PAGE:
The `Curve`

object, also known as a polyline, is often used to define contours, survey lines or geological contacts. It is a sub-class of the `Points`

object with the added `cells`

property, that defines the line segments connecting its `vertices`

. By default, all vertices are connected sequentially following the order of the input `vertices`

. A parts identifier may be added to curve objects to distinguish different sections of the curve. This can be useful, for example, in
representing a geophysical survey over many lines.

```
[4]:
```

```
from geoh5py.objects import Curve
# Split the curve into two parts
part_id = np.ones(n, dtype="int32")
part_id[:75] = 2
# Create the Curve object
curve = Curve.create(
workspace, # The target Workspace
vertices=xyz,
parts=part_id,
)
```

### Drillhole¶

`Drillhole`

objects are different from other objects as their 3D geometry is defined by the `collar`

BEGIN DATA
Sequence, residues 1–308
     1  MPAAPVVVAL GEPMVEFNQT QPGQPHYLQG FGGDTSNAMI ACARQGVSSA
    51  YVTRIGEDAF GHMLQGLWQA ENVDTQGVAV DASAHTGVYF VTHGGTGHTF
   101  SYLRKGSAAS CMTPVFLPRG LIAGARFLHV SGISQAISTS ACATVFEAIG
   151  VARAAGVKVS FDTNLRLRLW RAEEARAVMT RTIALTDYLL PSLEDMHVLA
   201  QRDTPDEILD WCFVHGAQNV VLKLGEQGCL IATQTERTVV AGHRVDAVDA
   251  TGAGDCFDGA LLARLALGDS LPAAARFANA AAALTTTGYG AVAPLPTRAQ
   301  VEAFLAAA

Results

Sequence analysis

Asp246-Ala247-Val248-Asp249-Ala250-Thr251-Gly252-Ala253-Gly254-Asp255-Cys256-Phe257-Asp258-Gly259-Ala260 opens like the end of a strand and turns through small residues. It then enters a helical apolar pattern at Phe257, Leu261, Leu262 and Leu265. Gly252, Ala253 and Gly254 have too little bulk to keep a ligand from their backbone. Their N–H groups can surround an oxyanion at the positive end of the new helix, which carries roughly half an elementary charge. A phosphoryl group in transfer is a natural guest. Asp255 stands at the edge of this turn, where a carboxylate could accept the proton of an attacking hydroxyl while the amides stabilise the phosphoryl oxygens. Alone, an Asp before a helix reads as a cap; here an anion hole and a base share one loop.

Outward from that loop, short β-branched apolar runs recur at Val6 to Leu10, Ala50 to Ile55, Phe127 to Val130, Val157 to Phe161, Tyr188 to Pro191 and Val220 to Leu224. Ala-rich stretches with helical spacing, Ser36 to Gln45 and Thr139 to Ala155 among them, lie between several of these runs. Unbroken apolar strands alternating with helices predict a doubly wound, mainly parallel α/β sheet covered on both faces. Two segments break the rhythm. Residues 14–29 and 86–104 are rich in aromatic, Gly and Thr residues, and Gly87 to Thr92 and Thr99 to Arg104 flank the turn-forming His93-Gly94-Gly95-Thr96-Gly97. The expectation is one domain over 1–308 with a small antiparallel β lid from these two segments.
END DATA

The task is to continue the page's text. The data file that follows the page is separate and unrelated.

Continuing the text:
and `surveys`

attributes. As for version `geoh5 v2.0`

, the drillholes require a `DrillholeGroup`

entity to store the geometry and data.

```
[5]:
```

```
from geoh5py.groups import DrillholeGroup
from geoh5py.objects import Drillhole
dh_group = DrillholeGroup.create(workspace)
# Create a simple well
total_depth = 100
dist = np.linspace(0, total_depth, 10)
azm = np.ones_like(dist) * 45.0
dip = np.linspace(-89, -75, dist.shape[0])
collar = np.r_[0.0, 10.0, 10]
well = Drillhole.create(
workspace,
collar=collar,
surveys=np.c_[dist, azm, dip],
name="Drillhole",
parent=dh_group,
)
print(well.name)
```

```
Drillhole
```

### Surface¶

The `Surface`

object is also described by `vertices`

and `cells`

that form a net of triangles. If omitted on creation, the `cells`

property is calculated using a 2D `scipy.spatial.Delaunay`

triangulation.

```
[6]:
```

```
from scipy.spatial import Delaunay
from geoh5py.objects import Surface
# Create a triangulated surface from points
surf_2D = Delaunay(xyz[:, :2])
# Create the Surface object
surface = Surface.create(
workspace,
vertices=points.vertices, # Add vertices
cells=surf_2D.simplices,
)
```

### GeoImage¶

The `GeoImage`

object handles raster data, either single or 3-band images.

```
[7]:
```

```
from geoh5py.objects import GeoImage
geoimage = GeoImage.create(workspace)
```